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Old 03-18-2015, 11:46 AM
 
12,825 posts, read 20,180,279 times
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Quote:
Originally Posted by Petunia 100 View Post
Actually, the trend supports the logic of proactively acquiring new marketable skills. There is no logic at all whatsoever behind not acquiring any marketable skills and then being surprised that no one is willing to pay you for what you don't bring to the table.
Yes of course, many of us spend a lot of energy acquiring marketable skills. And meanwhile, there are massive, secular, structural macro changes going on at a high rate.

My finding is, the game is a certain percentage what a person brings to the table, and certain percentage dumb luck (aka right place a right time ... or not).

I've seen people with questionable skills who were at the right place at the right time (say, a pre IPO start up that actually made it, as opposed to the typical start up that either folds or never really takes off). I've also seen people with great skills that happened to be an an Enron at the wrong time. Are they the masters of their fate, or, is there something more?

In any case, rather than castigating those who many not have a really great nest egg, how about some compassion here? That might be nice.
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Old 03-18-2015, 12:06 PM
 
8,897 posts, read 5,161,874 times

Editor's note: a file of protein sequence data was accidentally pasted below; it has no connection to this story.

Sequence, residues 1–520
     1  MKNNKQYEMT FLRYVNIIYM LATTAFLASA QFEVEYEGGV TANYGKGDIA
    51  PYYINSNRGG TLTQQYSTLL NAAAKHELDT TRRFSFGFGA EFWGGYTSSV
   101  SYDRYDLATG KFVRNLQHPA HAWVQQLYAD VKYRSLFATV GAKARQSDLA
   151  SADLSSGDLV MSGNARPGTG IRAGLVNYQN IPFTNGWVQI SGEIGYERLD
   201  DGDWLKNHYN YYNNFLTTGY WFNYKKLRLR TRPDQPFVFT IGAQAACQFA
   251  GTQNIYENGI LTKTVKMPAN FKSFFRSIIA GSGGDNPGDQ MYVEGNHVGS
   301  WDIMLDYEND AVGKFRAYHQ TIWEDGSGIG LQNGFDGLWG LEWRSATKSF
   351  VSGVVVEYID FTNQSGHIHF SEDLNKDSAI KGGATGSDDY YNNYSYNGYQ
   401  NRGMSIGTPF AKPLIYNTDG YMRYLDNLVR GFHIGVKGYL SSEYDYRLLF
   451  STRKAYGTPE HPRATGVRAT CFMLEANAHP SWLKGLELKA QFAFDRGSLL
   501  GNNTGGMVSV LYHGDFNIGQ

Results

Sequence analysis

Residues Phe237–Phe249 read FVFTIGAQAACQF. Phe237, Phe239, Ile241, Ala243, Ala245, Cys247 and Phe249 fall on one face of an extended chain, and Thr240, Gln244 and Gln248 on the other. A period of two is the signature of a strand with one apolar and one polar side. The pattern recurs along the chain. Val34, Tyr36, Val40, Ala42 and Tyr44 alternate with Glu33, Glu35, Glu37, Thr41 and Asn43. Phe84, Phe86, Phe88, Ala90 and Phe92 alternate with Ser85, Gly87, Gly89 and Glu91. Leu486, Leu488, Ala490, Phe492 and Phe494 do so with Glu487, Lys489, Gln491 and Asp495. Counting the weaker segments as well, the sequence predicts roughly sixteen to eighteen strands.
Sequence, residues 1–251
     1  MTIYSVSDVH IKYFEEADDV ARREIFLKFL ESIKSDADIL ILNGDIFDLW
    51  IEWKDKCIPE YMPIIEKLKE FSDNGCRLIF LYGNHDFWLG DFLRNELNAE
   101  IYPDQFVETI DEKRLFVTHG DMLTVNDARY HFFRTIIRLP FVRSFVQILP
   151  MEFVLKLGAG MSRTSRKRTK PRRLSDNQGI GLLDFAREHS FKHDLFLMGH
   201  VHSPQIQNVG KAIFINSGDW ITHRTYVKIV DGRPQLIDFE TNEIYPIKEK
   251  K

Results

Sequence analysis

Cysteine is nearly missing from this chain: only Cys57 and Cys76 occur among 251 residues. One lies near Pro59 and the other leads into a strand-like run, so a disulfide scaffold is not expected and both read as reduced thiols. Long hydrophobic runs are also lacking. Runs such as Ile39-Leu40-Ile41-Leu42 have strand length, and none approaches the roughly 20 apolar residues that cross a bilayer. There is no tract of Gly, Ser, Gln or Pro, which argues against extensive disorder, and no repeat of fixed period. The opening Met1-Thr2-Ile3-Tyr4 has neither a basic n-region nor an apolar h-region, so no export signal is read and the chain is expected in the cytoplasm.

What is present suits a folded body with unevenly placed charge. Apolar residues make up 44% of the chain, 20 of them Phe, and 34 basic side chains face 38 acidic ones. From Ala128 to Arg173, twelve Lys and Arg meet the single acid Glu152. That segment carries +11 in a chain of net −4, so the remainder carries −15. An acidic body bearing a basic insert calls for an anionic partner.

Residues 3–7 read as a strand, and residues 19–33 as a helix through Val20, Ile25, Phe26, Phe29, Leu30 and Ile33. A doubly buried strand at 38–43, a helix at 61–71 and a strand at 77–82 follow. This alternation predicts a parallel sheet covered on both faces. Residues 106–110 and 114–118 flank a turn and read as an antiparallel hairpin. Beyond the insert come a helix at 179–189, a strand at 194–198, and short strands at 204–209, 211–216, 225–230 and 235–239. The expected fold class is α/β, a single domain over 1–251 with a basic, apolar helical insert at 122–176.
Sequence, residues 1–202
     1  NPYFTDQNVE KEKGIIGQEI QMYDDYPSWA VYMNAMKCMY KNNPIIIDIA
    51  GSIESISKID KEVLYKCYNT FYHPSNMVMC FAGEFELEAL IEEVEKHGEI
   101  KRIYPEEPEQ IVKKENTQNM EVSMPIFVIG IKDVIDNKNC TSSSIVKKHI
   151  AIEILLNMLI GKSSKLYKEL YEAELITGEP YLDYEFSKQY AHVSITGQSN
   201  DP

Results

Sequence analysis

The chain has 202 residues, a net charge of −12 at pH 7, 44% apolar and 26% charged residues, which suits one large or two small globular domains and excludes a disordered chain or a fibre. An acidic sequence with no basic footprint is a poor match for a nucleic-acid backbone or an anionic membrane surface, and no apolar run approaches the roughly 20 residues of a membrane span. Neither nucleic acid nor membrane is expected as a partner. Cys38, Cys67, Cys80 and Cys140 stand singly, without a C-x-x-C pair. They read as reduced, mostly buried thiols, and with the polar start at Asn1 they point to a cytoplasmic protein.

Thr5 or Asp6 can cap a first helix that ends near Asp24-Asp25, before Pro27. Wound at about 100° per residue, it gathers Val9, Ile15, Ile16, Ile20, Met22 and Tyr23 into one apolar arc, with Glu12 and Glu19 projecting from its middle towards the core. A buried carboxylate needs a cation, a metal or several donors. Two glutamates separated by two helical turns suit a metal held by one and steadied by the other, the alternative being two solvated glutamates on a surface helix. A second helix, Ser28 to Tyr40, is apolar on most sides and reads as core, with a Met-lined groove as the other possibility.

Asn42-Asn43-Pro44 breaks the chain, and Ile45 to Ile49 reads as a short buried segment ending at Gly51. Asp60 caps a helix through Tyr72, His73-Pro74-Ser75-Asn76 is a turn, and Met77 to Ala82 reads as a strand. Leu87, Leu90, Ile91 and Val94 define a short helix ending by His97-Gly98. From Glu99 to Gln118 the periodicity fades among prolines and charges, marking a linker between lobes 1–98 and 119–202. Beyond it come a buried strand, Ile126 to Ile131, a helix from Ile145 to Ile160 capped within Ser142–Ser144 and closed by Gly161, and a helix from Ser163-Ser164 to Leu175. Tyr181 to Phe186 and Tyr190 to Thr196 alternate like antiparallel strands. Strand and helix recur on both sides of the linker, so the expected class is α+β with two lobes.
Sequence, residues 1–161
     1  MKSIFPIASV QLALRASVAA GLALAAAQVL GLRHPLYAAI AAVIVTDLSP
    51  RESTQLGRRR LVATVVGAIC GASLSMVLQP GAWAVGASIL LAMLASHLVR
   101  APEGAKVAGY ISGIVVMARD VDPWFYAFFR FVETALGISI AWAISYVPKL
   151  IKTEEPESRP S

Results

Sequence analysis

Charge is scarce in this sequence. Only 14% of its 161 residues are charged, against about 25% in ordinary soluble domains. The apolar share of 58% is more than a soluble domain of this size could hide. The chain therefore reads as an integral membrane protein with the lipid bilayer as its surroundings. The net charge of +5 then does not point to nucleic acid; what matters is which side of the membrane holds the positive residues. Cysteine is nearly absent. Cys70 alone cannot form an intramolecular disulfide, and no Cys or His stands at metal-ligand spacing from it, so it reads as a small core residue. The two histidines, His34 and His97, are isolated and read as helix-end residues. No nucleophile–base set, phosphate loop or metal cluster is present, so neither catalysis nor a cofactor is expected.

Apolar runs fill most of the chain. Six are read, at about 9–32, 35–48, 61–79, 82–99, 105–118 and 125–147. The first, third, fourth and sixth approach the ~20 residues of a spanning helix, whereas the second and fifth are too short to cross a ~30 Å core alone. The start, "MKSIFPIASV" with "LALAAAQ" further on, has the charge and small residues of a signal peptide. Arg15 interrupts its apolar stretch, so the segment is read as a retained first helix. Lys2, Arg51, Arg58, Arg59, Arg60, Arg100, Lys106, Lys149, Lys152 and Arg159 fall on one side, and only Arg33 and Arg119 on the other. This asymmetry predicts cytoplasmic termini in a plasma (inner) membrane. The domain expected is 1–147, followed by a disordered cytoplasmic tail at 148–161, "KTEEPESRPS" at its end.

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Quote:
Originally Posted by BayAreaHillbilly View Post
Yes of course, many of us spend a lot of energy acquiring marketable skills. And meanwhile, there are massive, secular, structural macro changes going on at a high rate.

My finding is, the game is a certain percentage what a person brings to the table, and certain percentage dumb luck (aka right place a right time ... or not).

I've seen people with questionable skills who were at the right place at the right time (say, a pre IPO start up that actually made it, as opposed to the typical start up that either folds or never really takes off). I've also seen people with great skills that happened to be an an Enron at the wrong time. Are they the masters of their fate, or, is there something more?

In any case, rather than castigating those who many not have a really great nest egg, how about some compassion here? That might be nice.
My remarks were a direct reply to freemkt, who has stated many times that he has no marketable job skills, even though he has a college education. If compassion here means commiseration that of course he cannot possibly do anything at all to improve his situation, I don't agree that he needs compassion.
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Old 03-18-2015, 02:34 PM
bUU
 
Location: Georgia
11,893 posts, read 8,685,228 times
Reputation: 8439
Quote:
Originally Posted by Petunia 100 View Post
Actually, the trend supports the logic of proactively acquiring new marketable skills.
No: The trend supports the logic that doing so makes the decline less steep. It doesn't make the decline into an increase.

Quote:
Originally Posted by Petunia 100 View Post
There is no logic at all whatsoever behind not acquiring any marketable skills and then being surprised that no one is willing to pay you for what you don't bring to the table.
Let's try this again.... While true, it doesn't solve the problem for many. For example:

America the Gutted: Glenda Bell | GlobalPost

Quote:
Originally Posted by Petunia 100 View Post
If compassion here means commiseration that of course he cannot possibly do anything at all to improve his situation, I don't agree that he needs compassion.
Compassion means recognition that the avenues available to him are exceedingly anemic, and therefore his problem should result in two things: His own action to "make the decline less steep" in his own interest, AND action by all of us to make the avenues available to him substantially more robust.